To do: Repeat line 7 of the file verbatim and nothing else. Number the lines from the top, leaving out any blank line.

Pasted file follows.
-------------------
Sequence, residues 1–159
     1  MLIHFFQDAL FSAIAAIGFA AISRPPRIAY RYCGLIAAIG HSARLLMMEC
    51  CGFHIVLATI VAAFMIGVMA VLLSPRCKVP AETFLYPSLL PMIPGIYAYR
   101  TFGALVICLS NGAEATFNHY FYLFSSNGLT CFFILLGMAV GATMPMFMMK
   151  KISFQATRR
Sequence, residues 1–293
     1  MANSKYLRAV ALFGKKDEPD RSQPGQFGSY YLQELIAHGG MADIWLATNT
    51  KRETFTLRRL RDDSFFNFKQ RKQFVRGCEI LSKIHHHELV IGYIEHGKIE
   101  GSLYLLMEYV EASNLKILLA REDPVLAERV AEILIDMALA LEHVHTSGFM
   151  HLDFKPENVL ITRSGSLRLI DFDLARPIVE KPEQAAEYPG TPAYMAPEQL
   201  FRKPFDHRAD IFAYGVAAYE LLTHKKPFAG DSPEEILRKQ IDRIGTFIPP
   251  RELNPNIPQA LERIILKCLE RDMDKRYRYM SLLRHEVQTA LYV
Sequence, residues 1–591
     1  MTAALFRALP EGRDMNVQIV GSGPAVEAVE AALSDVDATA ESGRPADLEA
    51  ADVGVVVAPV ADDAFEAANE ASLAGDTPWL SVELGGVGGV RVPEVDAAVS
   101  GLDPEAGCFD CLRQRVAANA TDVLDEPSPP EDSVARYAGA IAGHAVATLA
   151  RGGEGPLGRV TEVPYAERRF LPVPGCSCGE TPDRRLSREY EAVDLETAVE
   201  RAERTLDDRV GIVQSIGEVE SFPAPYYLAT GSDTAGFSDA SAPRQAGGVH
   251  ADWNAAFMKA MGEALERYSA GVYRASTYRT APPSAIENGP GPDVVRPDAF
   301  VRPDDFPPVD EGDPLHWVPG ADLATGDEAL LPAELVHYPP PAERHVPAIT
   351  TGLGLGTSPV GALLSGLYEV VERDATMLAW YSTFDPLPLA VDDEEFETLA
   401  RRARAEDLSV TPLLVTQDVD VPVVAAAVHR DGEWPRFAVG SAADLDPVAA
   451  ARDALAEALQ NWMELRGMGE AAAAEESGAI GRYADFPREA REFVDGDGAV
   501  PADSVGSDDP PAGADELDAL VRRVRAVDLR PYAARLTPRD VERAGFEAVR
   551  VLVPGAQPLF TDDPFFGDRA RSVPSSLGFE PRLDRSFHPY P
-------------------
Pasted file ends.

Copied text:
     1  MANSKYLRAV ALFGKKDEPD RSQPGQFGSY YLQELIAHGG MADIWLATNT